Another, albeit minor criticism is the incompleteness of the Index. Though most of the battles receive an entry in back, some like Qadesh and Sphacteria do not. While these may seem like lesser-known battles not worthy of an entry, that makes it even more important that they are easily accessible to the researcher. Other odd exclusions are Salamis (490 BC), Artemisium (480 BC), and Thermopylae. Thought they do not have a series of tactical battle maps, the latter has nearly a page detailing the battle.
An important aspect of the book is that it focuses entirely on open-field battles. There are no details of sieges. Alexander’s eight-month siege of Tyre in 332 BC receives a sentence (76) and there is no mention of Caesar’s siege of Alesia in 52 BC. As for naval battles, Artemsium and Salamis both get a paragraph. The latter is hardly enough to understand how the Greeks defeated a numerically superior force of Persians. When the reader grabs this book, they should understand that it focuses entirely on open-field, land battles while sieges and naval encounters are only a minor part of the narrative if they provide necessary detail to the evolution of a campaign or war.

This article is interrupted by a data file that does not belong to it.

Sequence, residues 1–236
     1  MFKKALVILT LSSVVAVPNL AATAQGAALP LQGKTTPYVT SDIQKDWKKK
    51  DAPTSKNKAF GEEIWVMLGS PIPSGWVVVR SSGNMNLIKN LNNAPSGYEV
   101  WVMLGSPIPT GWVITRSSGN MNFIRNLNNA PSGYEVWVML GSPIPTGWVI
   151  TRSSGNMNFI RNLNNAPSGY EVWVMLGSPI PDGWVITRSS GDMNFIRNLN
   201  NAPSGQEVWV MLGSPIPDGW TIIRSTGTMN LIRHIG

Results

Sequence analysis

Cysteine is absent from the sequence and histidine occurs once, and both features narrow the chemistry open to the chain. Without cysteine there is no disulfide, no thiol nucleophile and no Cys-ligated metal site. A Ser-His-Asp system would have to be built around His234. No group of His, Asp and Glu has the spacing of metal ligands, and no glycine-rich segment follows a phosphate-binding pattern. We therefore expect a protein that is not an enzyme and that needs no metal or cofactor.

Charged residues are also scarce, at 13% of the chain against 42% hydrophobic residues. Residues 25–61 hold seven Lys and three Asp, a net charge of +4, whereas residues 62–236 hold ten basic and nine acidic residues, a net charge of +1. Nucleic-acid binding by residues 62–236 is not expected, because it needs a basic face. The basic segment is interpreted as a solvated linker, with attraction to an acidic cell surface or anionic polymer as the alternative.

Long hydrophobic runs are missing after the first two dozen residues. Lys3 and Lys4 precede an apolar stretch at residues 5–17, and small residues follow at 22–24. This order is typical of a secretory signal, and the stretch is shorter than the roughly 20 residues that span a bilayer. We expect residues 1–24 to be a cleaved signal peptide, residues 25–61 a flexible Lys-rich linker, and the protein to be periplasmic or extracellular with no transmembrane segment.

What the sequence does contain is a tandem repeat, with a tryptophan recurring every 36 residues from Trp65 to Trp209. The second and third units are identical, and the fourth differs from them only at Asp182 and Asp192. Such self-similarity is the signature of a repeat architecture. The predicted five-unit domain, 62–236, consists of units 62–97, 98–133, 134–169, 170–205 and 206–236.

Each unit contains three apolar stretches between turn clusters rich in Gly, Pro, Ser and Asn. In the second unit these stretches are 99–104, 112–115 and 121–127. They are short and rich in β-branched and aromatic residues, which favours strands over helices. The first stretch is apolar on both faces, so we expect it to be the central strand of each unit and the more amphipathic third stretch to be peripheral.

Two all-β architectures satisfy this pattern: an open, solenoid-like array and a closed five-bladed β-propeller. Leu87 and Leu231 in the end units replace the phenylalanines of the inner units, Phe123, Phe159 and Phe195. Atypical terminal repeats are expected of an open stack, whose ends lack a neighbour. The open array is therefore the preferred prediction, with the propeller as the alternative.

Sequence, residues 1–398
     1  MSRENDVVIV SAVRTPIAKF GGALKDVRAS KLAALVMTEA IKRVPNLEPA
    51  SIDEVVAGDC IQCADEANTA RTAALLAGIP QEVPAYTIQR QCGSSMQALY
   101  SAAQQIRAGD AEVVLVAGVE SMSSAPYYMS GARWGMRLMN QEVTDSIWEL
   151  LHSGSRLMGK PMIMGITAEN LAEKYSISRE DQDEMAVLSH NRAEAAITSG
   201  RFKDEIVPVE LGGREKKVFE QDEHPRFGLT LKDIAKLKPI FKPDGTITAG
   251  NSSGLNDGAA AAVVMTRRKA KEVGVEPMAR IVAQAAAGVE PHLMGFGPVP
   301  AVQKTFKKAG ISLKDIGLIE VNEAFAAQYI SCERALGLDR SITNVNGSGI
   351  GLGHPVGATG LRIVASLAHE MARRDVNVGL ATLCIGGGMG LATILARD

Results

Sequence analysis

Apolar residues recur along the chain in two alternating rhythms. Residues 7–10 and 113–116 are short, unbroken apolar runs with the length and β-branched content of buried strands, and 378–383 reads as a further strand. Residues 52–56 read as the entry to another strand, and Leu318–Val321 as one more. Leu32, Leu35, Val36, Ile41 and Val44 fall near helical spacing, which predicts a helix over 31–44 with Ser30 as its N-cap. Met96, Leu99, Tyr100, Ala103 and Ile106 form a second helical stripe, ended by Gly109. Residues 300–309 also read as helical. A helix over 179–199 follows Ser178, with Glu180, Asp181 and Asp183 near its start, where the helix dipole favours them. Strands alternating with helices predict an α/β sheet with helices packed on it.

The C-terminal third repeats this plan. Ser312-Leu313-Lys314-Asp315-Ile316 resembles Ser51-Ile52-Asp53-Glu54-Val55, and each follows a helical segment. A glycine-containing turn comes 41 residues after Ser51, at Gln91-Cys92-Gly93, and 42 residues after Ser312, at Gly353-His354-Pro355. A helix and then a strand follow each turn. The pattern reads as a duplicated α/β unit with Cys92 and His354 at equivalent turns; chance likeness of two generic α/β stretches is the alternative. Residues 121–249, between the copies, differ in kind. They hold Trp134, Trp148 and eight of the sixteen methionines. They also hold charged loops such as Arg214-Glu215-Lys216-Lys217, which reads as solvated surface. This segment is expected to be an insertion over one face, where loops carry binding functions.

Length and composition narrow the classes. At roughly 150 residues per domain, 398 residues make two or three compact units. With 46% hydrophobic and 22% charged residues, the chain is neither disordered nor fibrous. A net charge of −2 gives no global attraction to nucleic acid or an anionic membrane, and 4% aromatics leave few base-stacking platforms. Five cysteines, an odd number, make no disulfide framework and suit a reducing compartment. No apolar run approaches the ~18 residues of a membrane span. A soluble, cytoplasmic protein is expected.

Carey admits his work is not comprehensive. However, he does hope that the book helps readers “better appreciate the sophisticated nature of pre-modern warfare and the importance of organized violence in shaping western civilization’s history and culture” (9). Those already familiar with ancient warfare may find little new information, but those interested in a solid introduction to ancient battles and tactics, will find a good amount of detail including the exhaustively covered Greek and Roman aspects along with the lesser detailed Egyptian, Mesopotamian, Assyrian, Persian, and post-Alexander Hellenistic influences.